rather sparse and only includes the obligatory font style and a
few other general options, and there's no syntax highlighting.
Still, it's usable as a general GNOME editor for basic tasks, and
the plugin support could improve the feature set. The omission of
a line counter in the status bar is annoying though, and because of
the nature of the GtkText widget, undoing changes to the document
and pasting isn't always spot-on. It performs quite well, though,
and with some work it could have a nice home in GNOME.
Overall: 6/10 - Usable, but with little to make it a major recommendation yet.
XEmacs 21.1.9 - http://www.xemacs.org
With GNU Emacs being released under the GPL license and the source freely
available for anyone to modify, it's not surprising to see that variants
have sprung up. The most popular of these is XEmacs, which originally started
life in 1991 as a development of Lucid Inc. to produce a C++ development
environment with extra additions over the original. In 1994, Lucid partnered
with Sun and changed the name to XEmacs.
XEmacs is a huge download, with the main base package reaching around
12 MB. You'll definitely need to have this installed, as it provides the
foundations of the application. Then, depending on your need to run it under
X or at the console, you should choose between the 'xemacs-X11' and
'xemacs-noX' packages too. There's also an 'xemacs-extras' package, which
contains files used by both XEmacs and GNU Emacs, so install this if you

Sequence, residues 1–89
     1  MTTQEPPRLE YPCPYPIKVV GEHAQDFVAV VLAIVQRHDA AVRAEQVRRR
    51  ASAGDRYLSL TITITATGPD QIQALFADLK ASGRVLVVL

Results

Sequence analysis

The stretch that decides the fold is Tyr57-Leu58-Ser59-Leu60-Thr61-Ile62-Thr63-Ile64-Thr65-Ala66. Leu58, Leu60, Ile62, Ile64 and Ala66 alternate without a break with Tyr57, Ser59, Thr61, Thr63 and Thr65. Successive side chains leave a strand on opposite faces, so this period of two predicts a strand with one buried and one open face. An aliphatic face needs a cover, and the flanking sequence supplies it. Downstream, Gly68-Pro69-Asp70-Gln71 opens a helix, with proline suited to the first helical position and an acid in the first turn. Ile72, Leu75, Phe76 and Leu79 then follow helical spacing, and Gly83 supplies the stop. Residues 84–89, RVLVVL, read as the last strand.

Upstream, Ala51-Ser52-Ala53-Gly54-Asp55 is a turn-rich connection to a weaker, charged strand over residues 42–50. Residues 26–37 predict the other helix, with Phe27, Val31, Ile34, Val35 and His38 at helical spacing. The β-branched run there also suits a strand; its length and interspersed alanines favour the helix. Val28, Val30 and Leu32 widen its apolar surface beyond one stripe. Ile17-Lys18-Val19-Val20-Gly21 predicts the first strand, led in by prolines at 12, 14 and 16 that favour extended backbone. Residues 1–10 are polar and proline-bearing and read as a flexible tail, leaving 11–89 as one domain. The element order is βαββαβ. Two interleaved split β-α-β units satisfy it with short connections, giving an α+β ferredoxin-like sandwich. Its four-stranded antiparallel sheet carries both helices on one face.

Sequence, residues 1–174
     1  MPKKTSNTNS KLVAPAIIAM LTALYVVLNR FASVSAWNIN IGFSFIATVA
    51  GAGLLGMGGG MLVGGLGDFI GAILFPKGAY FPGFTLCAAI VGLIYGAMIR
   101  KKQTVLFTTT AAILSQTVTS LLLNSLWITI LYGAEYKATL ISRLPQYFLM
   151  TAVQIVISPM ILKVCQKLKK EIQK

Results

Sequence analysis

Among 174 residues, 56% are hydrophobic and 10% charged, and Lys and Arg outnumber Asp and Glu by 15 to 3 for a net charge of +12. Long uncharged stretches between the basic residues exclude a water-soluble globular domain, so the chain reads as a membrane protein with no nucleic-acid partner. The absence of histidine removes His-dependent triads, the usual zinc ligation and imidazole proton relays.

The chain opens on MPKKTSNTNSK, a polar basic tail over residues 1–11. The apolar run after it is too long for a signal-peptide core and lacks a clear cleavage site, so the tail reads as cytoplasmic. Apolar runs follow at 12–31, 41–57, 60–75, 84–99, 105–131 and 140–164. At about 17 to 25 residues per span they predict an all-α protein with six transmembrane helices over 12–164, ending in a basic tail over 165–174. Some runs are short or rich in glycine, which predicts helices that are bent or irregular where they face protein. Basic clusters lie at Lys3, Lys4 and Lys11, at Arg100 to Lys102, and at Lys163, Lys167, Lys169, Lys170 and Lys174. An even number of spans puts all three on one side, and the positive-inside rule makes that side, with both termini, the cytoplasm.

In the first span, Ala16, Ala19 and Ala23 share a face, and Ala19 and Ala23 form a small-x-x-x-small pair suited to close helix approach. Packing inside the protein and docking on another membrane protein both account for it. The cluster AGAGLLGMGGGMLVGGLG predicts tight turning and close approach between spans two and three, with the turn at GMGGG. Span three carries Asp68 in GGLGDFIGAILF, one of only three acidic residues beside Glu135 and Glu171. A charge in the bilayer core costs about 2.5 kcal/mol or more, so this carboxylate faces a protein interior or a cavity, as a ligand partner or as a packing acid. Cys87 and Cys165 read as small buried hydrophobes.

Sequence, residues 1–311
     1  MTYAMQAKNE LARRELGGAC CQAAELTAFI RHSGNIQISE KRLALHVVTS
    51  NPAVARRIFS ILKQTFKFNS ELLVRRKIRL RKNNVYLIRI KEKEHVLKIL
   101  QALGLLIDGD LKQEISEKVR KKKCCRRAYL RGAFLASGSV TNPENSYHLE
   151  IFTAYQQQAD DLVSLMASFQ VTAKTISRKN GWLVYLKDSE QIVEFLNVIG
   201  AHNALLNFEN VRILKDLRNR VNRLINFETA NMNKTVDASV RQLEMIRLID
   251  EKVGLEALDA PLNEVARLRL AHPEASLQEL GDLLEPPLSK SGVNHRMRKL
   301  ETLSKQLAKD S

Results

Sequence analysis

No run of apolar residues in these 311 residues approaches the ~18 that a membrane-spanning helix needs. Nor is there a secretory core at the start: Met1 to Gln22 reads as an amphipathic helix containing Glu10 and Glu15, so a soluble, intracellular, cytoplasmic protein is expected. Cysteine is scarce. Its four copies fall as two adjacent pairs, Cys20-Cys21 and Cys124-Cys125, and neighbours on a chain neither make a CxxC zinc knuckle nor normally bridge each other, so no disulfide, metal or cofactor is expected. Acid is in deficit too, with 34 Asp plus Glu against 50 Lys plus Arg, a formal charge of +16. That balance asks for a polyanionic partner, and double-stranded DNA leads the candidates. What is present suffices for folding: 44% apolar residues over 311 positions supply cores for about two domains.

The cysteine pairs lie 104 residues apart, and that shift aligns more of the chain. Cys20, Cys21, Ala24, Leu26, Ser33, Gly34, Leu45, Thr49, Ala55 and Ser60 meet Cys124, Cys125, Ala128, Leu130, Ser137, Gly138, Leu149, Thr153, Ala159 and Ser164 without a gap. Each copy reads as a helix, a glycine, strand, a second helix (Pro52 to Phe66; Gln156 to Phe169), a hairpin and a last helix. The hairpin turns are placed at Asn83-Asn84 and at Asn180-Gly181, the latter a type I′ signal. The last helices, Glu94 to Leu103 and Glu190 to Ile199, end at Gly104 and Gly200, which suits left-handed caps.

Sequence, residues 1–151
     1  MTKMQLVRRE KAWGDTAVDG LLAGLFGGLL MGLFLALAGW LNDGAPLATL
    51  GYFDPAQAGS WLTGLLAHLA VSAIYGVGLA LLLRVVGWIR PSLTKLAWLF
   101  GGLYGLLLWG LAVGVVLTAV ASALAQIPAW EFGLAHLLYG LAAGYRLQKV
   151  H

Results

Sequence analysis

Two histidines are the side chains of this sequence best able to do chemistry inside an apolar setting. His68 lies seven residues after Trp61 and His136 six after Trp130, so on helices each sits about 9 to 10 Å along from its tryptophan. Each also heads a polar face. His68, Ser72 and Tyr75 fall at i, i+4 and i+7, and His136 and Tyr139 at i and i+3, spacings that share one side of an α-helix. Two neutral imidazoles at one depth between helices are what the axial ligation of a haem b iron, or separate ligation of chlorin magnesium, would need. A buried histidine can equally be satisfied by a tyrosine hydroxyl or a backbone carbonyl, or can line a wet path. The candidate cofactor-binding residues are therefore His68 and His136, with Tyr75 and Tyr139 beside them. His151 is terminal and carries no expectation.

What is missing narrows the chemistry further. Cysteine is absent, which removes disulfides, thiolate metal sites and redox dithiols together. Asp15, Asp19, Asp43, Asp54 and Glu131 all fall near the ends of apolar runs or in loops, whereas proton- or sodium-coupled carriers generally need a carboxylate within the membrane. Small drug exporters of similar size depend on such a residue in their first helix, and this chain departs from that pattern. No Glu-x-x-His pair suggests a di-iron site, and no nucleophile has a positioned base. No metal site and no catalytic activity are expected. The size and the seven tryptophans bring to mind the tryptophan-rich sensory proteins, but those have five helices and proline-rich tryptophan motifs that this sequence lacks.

haven't got the GNU version on your system.
The most noticeable differences between XEmacs and the GNU releases is that
under X, the former has a far more graphical appearance, with a row of
icons along the top of the screen, and generous use of colours. At the text
console, the visual enhancements are not so apparent, but the extra
functionality and features are really the best part of XEmacs.
XEmacs busy at work, showing the syntax-highlighting on C file.
With syntax-highlighting for a number of languages, along with an increased
number of elisp packages in the main distribution, XEmacs might be worth
checking out if you want more from the original version. The developers have
tried to retain compatibility with the GNU releases, and this has worked to
a reasonable extent. You can run the Gnus and Emacs/W3 packages with XEmacs
Like the original Emacs, XEmacs suffers from the problem of bloat and being
hungry on memory. The power and versatility of the program clearly ranks it
as one of the most capable editors available, but on older hardware it can
be sluggish to work with.
Overall: 9/10 - Powerful and extensible, but huge and memory-munching too.
NEdit 5.1 - http://nedit.org
With much of the free software community joining together to help Linux
newcomers from other operating systems move across, it's no surprise to
see the same happening in the field of text editors. NEdit is a program
designed to bring a familiar text-editing environment to Windows and
MacOS users, while providing keyboard shortcuts for users of text-based